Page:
Osteoclast activity

Besides inhibiting osteoclast differentiation, celecoxib is able to almost completely inhibit the activity of human osteoclasts [66]. Slightly lesser effects were observed with indomethacin, and no effects were seen with a selective COX-1 inhibitor, suggesting a COX-2-dependent pathway is involved [66]. However, other mechanisms might be involved in inhibiting osteoclast activity as well. Celecoxib, as well as other sulfonamide-type COX-2 inhibitors, contain an aryl sulfonamide moiety that inhibits carbonic anhydrase II [67]. Abundantly expressed on the inner surface of osteoclasts, carbonic anhydrase II catalyzes conversion of CO2 and H2O into bicarbonate and H+. Acidification in the resorption pit is required for dissolution of the inorganic matrix of bone [68]. Treatment with celecoxib reduced carbonic anhydrase activity and thereby inhibited osteoclast activity, an effect not observed for COX-inhibitors without this sulfonamide moiety [12].

Osteoprotegerin/RANKL in chondrocytes

Recently, it was found that human chondrocytes express OPG, RANKL and RANK [61,69]. Interestingly, the OPG/RANKL ratio is significantly lower in OA chondrocytes compared to healthy chondrocytes [70]. This shift in OPG/RANKL ratio is mediated by PGE2 [69,71], and inhibition of PGE2 production by celecoxib resulted in a higher OPG/RANKL ratio [71,72]. It was shown that RANKL produced by chondrocytes can stimulate osteoclastogenesis [73,74] and, furthermore, as a chemoattractant for peripheral blood monocytes, it could attract osteoclast precursor cells to the joint [75]. Inhibition of chondrocyte RANKL expression by celecoxib might thus prevent subchondral bone loss (Figure 3).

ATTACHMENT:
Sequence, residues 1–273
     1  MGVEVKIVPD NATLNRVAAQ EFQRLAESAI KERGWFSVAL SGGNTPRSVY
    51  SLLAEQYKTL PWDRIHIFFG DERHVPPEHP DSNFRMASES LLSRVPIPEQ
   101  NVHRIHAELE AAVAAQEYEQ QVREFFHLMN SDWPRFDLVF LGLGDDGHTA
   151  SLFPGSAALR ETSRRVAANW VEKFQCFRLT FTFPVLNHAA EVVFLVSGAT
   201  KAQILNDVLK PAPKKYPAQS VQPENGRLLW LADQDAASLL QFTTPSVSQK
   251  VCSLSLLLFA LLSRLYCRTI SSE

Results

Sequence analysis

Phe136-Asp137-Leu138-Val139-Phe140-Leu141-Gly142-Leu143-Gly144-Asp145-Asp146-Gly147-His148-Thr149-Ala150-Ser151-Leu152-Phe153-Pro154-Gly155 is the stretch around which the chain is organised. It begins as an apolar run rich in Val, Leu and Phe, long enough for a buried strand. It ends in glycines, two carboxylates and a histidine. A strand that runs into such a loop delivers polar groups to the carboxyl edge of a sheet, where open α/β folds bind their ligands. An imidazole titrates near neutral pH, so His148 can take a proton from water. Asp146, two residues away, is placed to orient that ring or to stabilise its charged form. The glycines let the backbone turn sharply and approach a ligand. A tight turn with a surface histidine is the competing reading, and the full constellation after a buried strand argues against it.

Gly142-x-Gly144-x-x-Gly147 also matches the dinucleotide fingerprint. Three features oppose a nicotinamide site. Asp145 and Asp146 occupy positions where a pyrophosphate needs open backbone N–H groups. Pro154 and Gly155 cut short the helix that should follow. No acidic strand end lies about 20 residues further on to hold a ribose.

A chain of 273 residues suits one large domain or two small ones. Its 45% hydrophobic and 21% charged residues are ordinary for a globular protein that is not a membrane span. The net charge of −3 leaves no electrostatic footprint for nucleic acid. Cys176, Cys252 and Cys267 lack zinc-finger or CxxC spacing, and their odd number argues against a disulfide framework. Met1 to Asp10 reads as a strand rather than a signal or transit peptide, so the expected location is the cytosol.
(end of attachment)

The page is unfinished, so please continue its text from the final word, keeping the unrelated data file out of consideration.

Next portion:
Celecoxib: effects in vivo

Cartilage

In vitro experiments have shown a cartilage-sparing effect of celecoxib in OA cartilage; however, in vivo data, from either human or animals, are scarce. Contrary to its positive effects on cartilage degeneration in vitro, no chondroprotective effect of celecoxib in the canine groove model of OA was observed [76]. Although PGE2 levels in the joint were inhibited, celecoxib did not improve cartilage histopathology or proteoglycan turnover. This lack of chondroprotective effect might have been due to increased loading of the joint in the celecoxib-treated group compared to the placebo-treated group, where no analgesics were given [76]. Conversely, celecoxib was shown to reduce cartilage damage in collagen-induced osteoarthritis in rabbits; histopathological evaluation showed less cartilage erosion, reduced cartilage fibrillation and decreased loss of chondrocytes. Proteoglycan content, determined by Safranin-O staining intensity, was higher than in the placebo-treated group [77]. Next to the direct effects of celecoxib, the anti-inflammatory effects of celecoxib may have caused this chondroprotective effect as the model depends on inflammation and the number of inflammatory cells and the PGE2 concentration in synovial fluid was significantly reduced by celecoxib.